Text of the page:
Maybe you keep hearing people talk about their CSA box and you keep wondering what in the world are they talking about? You’ve probably come up with all kinds of possible meanings…
Chapman Sponsored Athletics? Cute Snuggly Animals (though you do wonder why they are keeping them in boxes)? College Survival Artillery (Which is probably where the school stores weapons and supplies to be used in the event of a Zombie attack)?
All those are excellent guesses, but not quite right.
CSA actually stands for Community Supported Agriculture.
What’s that you ask?
First: Its delicious!
Second: Its simple. A Community Supported Agriculture box is a box full of locally grown, delicious veggies and fruits are delivered to you. By signing up for a CSA box you are agreeing to support the local farmers by eating what is in season and growing locally.
This means that you are getting the freshest produce because its picked when it is ripe, not well before its ripe in order to ensure that it makes it across the country to where it will eventually be sold. It also means you are getting the tastiest produce. When food sits around for awhile it loses some of its deliciousness and nutritional value as well. If you’ve ever had a tomato right off the vine then you know what I’m talking about!
Eating local also makes a difference in the local economy. When you spend a dollar at a local owned business, that one dollar generates twice as much income for the local economy as money spent at a national chain. So not only does it taste better, but its better for your neighbors and community. I don’t know about you, but when I eat a meal and I know whose hands have prepared it, it tastes so much better! The same is true when I fix a salad from greens I bought at the farmers market or make a sandwich out of bread made by a local baker. I know that my purchase with them supported their business, their family, and my community.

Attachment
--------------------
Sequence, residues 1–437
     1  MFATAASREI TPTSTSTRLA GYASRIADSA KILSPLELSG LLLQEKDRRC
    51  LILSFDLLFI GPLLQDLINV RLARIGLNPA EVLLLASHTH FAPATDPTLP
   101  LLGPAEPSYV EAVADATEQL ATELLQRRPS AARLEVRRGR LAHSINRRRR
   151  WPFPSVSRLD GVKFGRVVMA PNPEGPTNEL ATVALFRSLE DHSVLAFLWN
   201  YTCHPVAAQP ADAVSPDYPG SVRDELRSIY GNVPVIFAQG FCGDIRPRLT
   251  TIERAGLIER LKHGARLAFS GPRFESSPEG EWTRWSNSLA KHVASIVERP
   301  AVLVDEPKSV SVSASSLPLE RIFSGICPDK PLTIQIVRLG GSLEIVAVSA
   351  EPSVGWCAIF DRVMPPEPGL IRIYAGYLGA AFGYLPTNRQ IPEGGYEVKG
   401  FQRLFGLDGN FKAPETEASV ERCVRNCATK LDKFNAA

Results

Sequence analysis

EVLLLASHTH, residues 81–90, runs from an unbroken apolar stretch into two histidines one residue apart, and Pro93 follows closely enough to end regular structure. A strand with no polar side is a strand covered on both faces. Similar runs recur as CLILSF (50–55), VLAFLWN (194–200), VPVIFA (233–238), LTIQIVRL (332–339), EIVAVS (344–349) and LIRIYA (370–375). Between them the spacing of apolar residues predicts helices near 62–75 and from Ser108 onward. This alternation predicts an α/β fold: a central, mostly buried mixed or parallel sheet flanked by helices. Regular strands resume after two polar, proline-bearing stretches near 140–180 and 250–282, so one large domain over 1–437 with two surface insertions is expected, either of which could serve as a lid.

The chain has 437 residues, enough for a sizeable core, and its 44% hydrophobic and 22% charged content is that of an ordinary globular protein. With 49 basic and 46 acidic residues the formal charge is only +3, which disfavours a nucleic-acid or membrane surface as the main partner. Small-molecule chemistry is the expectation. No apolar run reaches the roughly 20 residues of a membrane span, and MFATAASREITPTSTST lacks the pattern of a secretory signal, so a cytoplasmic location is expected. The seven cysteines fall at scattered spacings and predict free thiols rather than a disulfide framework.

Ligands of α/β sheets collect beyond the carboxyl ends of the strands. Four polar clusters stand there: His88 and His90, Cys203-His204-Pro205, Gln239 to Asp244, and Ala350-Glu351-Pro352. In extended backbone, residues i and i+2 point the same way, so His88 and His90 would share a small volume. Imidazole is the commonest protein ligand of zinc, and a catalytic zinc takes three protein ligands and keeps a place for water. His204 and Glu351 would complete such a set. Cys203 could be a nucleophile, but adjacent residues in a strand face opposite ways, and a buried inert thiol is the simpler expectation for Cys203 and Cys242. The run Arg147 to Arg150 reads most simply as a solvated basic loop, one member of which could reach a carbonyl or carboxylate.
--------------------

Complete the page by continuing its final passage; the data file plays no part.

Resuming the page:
Eating local also has a positive impact on air quality and helps reduce pollution. Local food doesn’t have to be trucked as far and therefore has less greenhouse gas emissions associated with it. In 2005, the import of fruits, nuts, and vegetables into California by airplane released more than 70,000 tones of CO2, which is the equivalent of 12,000 cars being on the road. WHAT?!?!
Local food also means more variety. When a farmer is producing food that will not travel a long distance, will have a shorter shelf life, and does not have a high-yield demand, the farmer is free to try small crops of various fruits and vegetables that would probably never make it to a large supermarket. Supermarkets are interested in selling “Name brand” fruit: Romaine Lettuce, Red Delicious Apples, Russet Potatoes. Local producers often play with their crops from year to year, trying out Little Gem Lettuce, Senshu Apples, and Chieftain Potatoes. I love opening up my CSA box and finding a new vegetable that I haven’t cooked with before.
I know what you are thinking. “That all sounds fine, well, and good, but isn’t eating local more expensive?”
Actually, it isn’t. When you eat foods when they are in season you are getting them when they are at their most abundant, and therefore least expensive. I love economies of scale!
If you want to give local foods a whirl, but aren’t really sure where to start I suggest signing up for your very own
(or share it with a friend). Tanaka Farms delivers right to campus, as well as many other locations around So-Cal, once every two weeks for a very reasonable $23 (small box) or $33 (large box).
You won’t be sorry! You’ll be stuffed (with delicious veggies and fruits)!